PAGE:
With value averaging, you determine how much you want your portfolio to grow each month.  You then add funds based on the difference between how much the value of the fund has fluctuated and your goal.  Suppose you want your portfolio to grow by $500 each month.  If the value one month has increased $300, you would add $200 that month and put the $300 difference in a bank.  If the value has declined over the previous month, you would put in the full $500 plus enough to cover the month’s loss, using funds “saved” from months when you didn’t have to invest the full $500.

Value averaging lets you invest less when shares are high (and the increased value of your fund is closer to your goal) and more when shares are low (and the value has dropped from the previous month).

What Lessons Can You Learn from Your Tax Return?

Before putting away your copy of the income tax return you just filed, review it to see if you can take advantage of opportunities for 2015.

Save receipts – Keep receipts for deductible expenses.  Not only will this remind you of items you might forget by early 2016, but you’ll have the substantiation you may need for your deductions.  For example, a canceled check or bank receipt may be sufficient to substantiate your charitable gifts up to $250, but if you give more, you’ll need to keep the written substantiation you receive from the charity.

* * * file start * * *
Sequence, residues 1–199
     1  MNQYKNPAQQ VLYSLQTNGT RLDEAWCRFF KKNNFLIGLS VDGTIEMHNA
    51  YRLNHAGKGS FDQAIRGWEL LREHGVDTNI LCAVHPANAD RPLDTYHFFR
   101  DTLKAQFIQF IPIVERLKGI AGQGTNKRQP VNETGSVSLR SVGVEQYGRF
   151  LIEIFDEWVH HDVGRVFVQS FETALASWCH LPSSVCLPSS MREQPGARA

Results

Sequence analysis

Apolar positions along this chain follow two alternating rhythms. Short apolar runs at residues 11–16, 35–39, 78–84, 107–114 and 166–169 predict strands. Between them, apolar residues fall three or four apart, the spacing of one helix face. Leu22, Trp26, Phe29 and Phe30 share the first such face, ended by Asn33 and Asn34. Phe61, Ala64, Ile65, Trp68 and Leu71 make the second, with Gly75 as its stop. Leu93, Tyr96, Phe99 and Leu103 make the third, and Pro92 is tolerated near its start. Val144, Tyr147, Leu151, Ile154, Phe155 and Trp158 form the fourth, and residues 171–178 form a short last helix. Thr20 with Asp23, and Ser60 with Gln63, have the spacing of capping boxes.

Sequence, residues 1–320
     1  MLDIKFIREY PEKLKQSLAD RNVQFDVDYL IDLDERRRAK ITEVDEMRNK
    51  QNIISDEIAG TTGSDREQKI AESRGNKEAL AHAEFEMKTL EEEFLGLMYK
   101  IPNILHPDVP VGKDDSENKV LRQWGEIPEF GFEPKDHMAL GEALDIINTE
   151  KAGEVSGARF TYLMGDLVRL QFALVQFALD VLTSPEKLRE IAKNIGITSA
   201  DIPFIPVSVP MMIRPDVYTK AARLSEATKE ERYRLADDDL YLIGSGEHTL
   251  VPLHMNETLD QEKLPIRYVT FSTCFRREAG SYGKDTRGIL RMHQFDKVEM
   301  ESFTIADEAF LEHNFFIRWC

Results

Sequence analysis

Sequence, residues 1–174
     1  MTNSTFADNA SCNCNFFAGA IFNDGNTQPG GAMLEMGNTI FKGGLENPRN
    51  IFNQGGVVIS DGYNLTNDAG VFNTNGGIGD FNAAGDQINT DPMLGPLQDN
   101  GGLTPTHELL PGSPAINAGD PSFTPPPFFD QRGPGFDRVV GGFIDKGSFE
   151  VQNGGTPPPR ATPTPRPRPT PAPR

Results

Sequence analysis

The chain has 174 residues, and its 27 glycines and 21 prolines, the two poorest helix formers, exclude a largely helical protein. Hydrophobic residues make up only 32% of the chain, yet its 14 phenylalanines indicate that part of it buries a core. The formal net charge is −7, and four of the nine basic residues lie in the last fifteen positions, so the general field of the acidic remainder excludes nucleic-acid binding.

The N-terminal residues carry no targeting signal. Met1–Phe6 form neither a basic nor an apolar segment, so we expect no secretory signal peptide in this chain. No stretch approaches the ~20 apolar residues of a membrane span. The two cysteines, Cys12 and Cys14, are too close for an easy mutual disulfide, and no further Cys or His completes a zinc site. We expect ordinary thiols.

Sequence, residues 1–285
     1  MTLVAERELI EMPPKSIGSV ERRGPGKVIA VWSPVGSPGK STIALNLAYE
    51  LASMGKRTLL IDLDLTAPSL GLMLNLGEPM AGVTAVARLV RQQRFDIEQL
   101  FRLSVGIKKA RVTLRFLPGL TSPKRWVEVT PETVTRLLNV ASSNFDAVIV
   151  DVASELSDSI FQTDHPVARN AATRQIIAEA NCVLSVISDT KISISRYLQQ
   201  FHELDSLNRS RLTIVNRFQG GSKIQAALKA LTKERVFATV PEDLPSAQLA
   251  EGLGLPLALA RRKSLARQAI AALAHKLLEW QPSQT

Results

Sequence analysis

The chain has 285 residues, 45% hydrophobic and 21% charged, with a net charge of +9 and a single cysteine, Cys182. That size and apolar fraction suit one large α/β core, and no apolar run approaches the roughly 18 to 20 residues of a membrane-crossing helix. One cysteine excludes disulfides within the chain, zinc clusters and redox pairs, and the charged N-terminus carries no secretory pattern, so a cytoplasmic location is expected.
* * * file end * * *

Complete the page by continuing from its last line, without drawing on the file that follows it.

Convert nondeductible interest – If you had nondeductible interest from credit cards or other personal loans, you might be able to convert that to a deduction by paying off the loans with funds from a home equity line of credit.

Watch investment activity – Before selling stocks at a gain, retirees should consider the tax on Social Security benefits.  Once provisional income exceeds $34,000 for singles or $44,000 for married couples, up to 85% of Social Security benefits are subject to income tax.  Or you can contribute appreciated securities to charity in place of your usual cash gifts and avoid capital gains tax entirely - and get a deduction, too.

Be aggressive with retirement savings – Contribute early to your qualified retirement plans, particularly if your employer matches all or a portion of your contributions.

Review your withholding – Make sure you pay in enough through withholding and timely estimated payments to avoid a penalty.  But remember, a large refund when you file means you’ve given the IRS an interest-free loan.  Ask your tax adviser about the right amount to pay in over the coming year.


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The materials contained on this website are intended only to show some ways by which you can make a charitable gift or bequest and thereby minimize federal tax liabilities, as authorized by the Internal Revenue Code. All examples are of a general nature only and should not be applied to your specific situation without first consulting your attorney or other advisers.